Tag Archives: auckland fish market

Dinner for seven

Precisely the least, the softest, lightest, a lizard’s rustling, a breath, a flash, a moment – a little makes the way of the best happiness.
~ Frederich Nietzsche, Thus Spake Zarathustra

In pursuit of succulent prawns for our dinner party, Kath and I visited Auckland Fish Market on Saturday morning. Mmmmm seafood… there was a generous selection. Big and little fish. Spiky kina. Creepy lobsters, looking quite far removed from the beautiful, creamy white flesh encased in orange shells that I much prefer ;-) Looking at the lobsters, I thought of Julia Child clutching them and dropping them into scalding water… and my body itched with discomfort. :-o

We didn’t buy prawns here in the end, because the prices were a little higher than we wanted to pay – but we had a good time wandering around the shops in any case. The kind man at the smoked food section gave us samples of orange roughy roe… the wedge I put in my mouth morphed into a rich bittersweet bouquet, lots of depth, wonderful! (Though I am not sure Kath enjoyed it as much as I did). I also picked up some smoked broadbill steak which looked too enticing in its golden/orange glory to pass up.

Second stop: Sabato. When you first walk in, it doesn’t appear to be a dangerous place. Don’t be fooled – only ignorance and a very blocked nose could save you. This place forces you to smile, grin even. For the first few seconds as your eyes scan its interior, the words ‘gourmet’, ‘ridiculous’ and ‘food for rich people’ may float into your head and do a little dance. You’ll think you’re safe. But then you venture to one of their taste stations, carelessly take a bite – and suddenly the mist clears, and you realise you won’t be escaping for a while!

It’s not just ‘cos their offering sounds fancy (though incidentally, they do the fancy thing well. Truffle oil, aged balsamic, porcini crema, anchovies, orange blossom water – you name it!)… It’s the fact that (based on what I tried in their store) whatever they possess in ‘gourmet-ness’, they actually match in deliciousness too.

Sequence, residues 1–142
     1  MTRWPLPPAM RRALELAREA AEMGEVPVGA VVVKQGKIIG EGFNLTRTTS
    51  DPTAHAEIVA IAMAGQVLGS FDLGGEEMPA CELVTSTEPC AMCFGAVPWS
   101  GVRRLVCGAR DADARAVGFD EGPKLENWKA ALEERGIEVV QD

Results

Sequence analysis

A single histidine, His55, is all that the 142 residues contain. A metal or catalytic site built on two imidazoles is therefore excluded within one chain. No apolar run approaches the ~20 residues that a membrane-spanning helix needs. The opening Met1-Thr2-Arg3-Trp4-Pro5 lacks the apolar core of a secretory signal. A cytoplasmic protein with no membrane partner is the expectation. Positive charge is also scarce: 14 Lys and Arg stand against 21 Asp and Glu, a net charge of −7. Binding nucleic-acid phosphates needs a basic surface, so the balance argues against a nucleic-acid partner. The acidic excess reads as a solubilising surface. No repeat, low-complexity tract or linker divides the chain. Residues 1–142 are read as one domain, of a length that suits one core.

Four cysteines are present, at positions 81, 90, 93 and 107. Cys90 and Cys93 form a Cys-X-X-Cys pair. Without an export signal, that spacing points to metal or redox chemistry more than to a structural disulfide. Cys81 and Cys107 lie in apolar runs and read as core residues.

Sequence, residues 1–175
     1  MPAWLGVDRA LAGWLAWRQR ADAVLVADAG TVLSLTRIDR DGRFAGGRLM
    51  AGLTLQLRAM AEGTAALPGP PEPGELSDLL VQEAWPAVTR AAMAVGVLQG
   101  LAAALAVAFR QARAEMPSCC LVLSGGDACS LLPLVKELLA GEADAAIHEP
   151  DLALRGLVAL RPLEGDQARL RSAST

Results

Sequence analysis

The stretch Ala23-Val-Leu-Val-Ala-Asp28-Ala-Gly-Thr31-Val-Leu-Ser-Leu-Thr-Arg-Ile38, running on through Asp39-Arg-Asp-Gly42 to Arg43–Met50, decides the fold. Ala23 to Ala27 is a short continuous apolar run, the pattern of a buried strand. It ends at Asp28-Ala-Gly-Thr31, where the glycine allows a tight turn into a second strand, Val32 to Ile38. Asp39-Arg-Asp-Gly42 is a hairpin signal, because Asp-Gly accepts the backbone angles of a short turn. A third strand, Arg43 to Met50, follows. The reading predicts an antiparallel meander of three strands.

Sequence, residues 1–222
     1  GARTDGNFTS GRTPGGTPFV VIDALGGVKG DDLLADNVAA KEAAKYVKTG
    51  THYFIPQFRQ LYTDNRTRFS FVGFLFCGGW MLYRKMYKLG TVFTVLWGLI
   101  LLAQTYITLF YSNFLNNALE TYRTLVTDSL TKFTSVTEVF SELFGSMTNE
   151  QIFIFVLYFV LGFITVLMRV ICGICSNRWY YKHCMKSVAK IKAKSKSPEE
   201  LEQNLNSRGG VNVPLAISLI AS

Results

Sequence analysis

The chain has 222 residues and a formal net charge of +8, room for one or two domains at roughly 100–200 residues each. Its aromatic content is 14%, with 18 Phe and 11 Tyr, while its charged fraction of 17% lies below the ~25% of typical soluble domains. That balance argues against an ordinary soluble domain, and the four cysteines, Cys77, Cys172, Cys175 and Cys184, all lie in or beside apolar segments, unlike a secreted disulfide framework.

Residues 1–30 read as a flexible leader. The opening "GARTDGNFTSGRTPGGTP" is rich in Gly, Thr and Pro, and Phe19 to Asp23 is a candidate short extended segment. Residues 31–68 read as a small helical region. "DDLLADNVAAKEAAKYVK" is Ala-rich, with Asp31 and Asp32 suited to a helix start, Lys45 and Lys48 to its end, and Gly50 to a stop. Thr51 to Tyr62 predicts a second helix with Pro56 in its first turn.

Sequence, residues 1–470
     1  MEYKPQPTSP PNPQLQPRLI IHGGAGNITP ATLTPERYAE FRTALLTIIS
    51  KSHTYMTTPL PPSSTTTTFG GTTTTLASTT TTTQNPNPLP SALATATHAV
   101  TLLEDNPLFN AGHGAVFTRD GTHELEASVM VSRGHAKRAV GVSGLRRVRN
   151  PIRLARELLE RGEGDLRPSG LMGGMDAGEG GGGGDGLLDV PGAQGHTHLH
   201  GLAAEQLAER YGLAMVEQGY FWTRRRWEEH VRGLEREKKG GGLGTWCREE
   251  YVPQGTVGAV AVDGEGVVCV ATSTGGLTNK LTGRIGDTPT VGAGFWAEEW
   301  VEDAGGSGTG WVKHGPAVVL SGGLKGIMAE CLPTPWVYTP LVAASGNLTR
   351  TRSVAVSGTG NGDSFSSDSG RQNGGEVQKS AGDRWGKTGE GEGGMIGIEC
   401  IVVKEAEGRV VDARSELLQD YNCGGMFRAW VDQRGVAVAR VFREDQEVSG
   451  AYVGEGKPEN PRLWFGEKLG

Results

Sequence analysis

And if that ain’t convincing enough, they also have drool-inducing recipe cards scattered in various nooks and crannies, friendly staff who offer you a complimentary coffee while you browse, oh… and might I just casually mention that they have a tall shelf stocked with Valrhona (only the best chocolate ever?!) goodness! Eventually, I exercised some restraint and walked out with just a bottle of orange blossom water and a jar of sweet, sexy anchovies (the latter were at one of those tasting stations). Kath got a bottle of rose water.

We then stopped at a friendly vege shop which had very attractive-looking produce – see golden tamarillos above! Picked up fruit, herbs, miso paste.

Finally, we went to the supermarket to pick up everything else that we needed.

Back at Kath’s apartment, we put away the food that needed refrigeration before sitting down for a quick lunch: impromptu platters of smoked broadbill salmon from the Fish Market, avocado, tomato, black pepper and bread.

At some point, we rose from the dining table and got to work. I dawdled for ages, wanting to take photos of everything and talk and all; luckily, Kath is WAY more organised than I am and so our guests got to eat dinner before 8pm ;-)

Everything really smelled so good as we pounded, blended, fried – my nose was pretty happy while we cooked. Sizzling garlic. Sweet gingersnaps. Toasted seeds and spices. Chilli and chocolate. Ginger and miso. Etc.

Here is our mole in its infant state – containing onion, garlic, toasted seeds, cumin, fennel and more… believe you me, it was potent!

This is Kath, blissfully unaware of me snapping a photo of her whipping up a storm!

This is Kath again, aware that she wasn’t going to escape my camera and making the wise decision to smile.

Mmmm… it was all going along nicely and I was still thinking “yay we have plenty of time”, when all of a sudden I realised we did not afterall have much time left! Somewhere in the middle of the time speeeeeeeeding by and the stove on full throttle I stopped taking pictures of the food.

Sure, we had a few mini disasters along the way… this cracked egg being the least of those mistakes…

AND, at dessert time, we had a case of “our tart runneth over” (aka liquid mascarpone) and Ben was assigned the guest duty of being Tart-cutter: